What Is A Smoke Point?
One of the most commonly asked questions when it comes to cooking is related to the smoke point, but what exactly is a smoke point? This term refers to the temperature at which a given fat or oil starts to emit a continuous and visible smoke from the pan. If you’ve ever left butter or oil in a pan to heat for a period of time before adding your other ingredients then you’ve likely witnessed this occurance in your own kitchen.
Why Does Smoke Point Matter?
While some might argue that the only issue with the smoke point, also called the burn point, is that it might impart a burnt or unsavory flavor to your dishes. However, as any fat or oil begins to heat, degradation starts to occur. If you heat past the smoke point you can start to lose the important nutrients that exist as part of the fat. One of the benefits of cooking with extra virgin olive oil is that it’s an oil that has a fairly high smoke point, and in addition it retains more of its nutrients than other oils as it reaches these higher temperatures.
How do I know the smoke point of my oil?
For those of you looking for a more concrete answer than “when it starts to smoke in your pan” there are a number of online charts that list the standard smoke points for fats often used in cooking. Corn oil for example smokes at 450 degrees, and canola oil at 400 degrees. Extra virgin olive oil smokes between a range of 325 and 410 degrees farenheit.
At D’Olivo we offer recommendations on cooking with our oils that are specific to those that we source from Veronica Foods. For example, our mild ultra premium olive oil we recommend it be used as a finishing oil only and that you not cook with it. However, both our medium and robust oils can be cooked with, but we recommend you use the robust oil for the dishes you plan to cook at the hottest temperatures.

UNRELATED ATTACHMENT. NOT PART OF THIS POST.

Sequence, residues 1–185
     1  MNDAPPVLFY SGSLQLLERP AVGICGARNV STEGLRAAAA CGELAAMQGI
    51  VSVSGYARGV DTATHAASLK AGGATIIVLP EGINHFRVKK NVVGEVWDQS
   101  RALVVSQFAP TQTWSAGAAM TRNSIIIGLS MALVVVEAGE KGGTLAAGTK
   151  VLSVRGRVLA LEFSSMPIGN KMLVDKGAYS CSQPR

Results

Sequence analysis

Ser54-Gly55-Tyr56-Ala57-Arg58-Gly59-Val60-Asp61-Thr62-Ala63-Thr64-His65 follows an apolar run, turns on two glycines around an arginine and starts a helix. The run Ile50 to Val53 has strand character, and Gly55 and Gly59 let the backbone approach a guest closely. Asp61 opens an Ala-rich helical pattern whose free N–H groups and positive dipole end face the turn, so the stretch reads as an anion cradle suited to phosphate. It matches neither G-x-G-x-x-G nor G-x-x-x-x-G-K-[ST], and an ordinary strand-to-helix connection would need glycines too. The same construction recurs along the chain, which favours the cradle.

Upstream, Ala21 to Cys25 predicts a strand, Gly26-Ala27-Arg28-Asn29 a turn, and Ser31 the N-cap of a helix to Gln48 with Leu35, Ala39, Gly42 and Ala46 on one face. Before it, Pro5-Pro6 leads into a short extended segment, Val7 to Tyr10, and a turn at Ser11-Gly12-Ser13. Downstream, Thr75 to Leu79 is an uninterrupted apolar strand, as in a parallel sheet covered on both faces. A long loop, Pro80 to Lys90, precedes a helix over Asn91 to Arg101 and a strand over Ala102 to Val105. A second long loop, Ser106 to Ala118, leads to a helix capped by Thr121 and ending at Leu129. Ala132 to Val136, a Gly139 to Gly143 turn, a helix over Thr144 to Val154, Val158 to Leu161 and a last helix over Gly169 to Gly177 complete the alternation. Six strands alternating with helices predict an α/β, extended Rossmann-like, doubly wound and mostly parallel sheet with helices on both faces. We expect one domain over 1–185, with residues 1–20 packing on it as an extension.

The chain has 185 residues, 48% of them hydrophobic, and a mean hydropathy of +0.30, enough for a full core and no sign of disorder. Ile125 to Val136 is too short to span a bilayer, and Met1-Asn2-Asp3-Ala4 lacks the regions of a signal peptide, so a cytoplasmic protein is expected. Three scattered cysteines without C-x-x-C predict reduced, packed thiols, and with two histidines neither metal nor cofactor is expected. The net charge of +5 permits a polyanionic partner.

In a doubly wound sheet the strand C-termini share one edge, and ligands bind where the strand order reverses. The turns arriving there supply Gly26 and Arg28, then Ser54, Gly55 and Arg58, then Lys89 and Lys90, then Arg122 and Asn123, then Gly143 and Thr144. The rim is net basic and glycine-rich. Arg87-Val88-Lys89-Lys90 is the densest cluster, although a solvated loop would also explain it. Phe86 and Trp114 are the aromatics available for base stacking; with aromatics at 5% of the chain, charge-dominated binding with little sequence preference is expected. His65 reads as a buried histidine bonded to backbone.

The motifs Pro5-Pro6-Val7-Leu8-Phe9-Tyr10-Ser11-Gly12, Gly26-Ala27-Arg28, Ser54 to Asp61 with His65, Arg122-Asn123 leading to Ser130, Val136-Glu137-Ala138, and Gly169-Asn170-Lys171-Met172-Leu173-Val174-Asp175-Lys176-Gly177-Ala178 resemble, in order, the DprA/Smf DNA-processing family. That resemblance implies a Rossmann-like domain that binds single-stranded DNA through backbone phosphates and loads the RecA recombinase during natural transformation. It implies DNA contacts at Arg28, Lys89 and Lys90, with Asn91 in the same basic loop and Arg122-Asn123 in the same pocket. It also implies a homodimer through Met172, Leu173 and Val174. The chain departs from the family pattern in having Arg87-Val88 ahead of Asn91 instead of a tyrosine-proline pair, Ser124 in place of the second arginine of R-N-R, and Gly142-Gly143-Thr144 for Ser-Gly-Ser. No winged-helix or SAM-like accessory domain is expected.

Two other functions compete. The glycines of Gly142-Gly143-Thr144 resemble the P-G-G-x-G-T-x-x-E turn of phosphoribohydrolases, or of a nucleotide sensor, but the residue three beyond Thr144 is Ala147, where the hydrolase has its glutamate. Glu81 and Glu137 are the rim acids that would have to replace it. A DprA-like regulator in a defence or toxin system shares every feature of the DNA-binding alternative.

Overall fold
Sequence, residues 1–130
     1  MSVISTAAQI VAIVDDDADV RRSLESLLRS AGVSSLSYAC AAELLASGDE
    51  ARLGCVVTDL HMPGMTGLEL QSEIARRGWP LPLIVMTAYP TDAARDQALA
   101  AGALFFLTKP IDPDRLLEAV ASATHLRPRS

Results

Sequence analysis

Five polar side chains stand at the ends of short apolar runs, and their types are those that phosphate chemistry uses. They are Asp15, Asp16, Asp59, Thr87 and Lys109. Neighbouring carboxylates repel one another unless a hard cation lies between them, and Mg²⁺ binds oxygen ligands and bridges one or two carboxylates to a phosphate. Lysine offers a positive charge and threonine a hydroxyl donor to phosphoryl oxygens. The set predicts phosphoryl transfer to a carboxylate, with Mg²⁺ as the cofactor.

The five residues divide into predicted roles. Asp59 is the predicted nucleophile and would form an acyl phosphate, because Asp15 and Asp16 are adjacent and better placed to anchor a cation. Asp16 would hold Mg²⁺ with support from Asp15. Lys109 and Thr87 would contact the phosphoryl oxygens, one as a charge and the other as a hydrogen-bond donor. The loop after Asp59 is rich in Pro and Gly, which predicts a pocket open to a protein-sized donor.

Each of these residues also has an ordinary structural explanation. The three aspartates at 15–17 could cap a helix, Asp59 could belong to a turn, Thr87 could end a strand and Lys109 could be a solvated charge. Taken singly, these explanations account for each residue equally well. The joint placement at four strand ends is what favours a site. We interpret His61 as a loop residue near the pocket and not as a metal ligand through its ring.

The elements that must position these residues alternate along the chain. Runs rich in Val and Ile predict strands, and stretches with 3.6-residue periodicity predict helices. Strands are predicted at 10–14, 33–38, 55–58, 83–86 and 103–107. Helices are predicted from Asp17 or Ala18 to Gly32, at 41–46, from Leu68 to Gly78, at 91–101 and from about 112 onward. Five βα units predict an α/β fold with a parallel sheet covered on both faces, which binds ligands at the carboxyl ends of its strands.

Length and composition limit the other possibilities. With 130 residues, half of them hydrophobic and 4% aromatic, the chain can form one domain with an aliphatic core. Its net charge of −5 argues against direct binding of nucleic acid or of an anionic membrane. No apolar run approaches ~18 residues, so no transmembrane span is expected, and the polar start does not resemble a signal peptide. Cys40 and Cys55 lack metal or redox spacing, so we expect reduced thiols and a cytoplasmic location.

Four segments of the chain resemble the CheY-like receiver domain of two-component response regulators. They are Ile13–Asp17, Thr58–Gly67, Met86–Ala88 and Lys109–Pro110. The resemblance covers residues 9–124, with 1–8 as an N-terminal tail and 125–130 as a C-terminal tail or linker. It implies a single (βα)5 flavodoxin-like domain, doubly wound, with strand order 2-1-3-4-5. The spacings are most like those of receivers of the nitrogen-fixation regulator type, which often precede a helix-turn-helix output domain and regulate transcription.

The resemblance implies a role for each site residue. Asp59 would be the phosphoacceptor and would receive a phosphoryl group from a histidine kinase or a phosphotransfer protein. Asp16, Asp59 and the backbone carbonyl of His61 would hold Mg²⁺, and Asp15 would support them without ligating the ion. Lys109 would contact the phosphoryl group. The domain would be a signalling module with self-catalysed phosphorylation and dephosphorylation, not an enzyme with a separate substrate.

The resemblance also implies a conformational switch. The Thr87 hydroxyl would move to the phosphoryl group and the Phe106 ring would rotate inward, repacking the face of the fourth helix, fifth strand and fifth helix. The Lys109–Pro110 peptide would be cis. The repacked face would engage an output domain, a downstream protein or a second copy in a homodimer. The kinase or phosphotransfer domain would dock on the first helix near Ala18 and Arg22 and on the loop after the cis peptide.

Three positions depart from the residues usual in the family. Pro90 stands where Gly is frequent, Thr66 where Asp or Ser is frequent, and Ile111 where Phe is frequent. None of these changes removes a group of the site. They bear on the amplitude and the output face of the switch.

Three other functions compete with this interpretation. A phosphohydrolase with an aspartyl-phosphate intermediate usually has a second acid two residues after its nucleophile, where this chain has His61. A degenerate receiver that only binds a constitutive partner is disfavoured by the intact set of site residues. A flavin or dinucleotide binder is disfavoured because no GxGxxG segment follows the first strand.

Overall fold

Do I Need To Worry About Smoke Point?
The answer here is both a yes and a no. Of course, the smoke point is important as you prepare dishes. First because you want them to be enjoyed by your guests without that burnt smell or lingering burned taste.
In addition, you’ll want to maintain all of the benefits of the oil that you’ve chosen to cook with. This is especially important with olive oil as the health benefits of olive oil are well studied and documented which we explored in this blog article.
However, many might be surprised to discover that when it comes to extra virgin olive oil you don’t need to worry as much about smoke point simply because the temperature threshold is higher (325 degrees to 410 degrees). The average temperature for various cooking methods often doesn’t exceed this temperature.
For example, pan frying or sautéing on a stove top typically reaches a temperature of 248 degrees. Deep frying happens between 320 and 356 degrees farenheit, and baking in an oven happens at an average of 356 degrees.
While there are always exceptions to these temperatures they provide a good example of why smoke point, especially when using olive oil, often might not impact your food.
We explore the best types of oils to cook with here and would encourage you to read that as you start preparing your next dinner party menu.